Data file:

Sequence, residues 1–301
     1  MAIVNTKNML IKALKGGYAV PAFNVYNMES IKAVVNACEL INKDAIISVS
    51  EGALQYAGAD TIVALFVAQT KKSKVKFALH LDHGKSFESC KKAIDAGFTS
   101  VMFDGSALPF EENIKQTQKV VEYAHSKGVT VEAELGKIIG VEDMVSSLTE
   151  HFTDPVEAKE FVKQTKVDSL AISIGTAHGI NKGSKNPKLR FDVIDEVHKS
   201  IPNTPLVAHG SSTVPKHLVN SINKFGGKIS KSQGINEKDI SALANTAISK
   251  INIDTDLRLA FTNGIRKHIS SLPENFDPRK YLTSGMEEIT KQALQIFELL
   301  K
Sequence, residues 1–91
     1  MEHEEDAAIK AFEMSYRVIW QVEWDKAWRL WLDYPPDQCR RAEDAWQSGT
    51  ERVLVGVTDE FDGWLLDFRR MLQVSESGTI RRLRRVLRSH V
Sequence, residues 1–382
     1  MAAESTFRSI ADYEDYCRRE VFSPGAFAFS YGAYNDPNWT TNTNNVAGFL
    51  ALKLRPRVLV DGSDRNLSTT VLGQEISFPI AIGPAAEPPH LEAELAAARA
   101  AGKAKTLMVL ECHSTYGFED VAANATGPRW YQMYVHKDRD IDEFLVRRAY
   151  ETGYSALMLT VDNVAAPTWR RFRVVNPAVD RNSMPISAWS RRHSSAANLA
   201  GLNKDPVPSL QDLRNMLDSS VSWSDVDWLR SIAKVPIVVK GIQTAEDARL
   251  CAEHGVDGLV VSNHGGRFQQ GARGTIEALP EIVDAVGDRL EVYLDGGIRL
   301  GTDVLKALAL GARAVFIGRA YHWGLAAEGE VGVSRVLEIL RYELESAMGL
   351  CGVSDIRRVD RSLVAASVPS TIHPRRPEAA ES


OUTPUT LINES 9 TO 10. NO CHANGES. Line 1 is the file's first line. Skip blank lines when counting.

Sequence, residues 1–91
     1  MEHEEDAAIK AFEMSYRVIW QVEWDKAWRL WLDYPPDQCR RAEDAWQSGT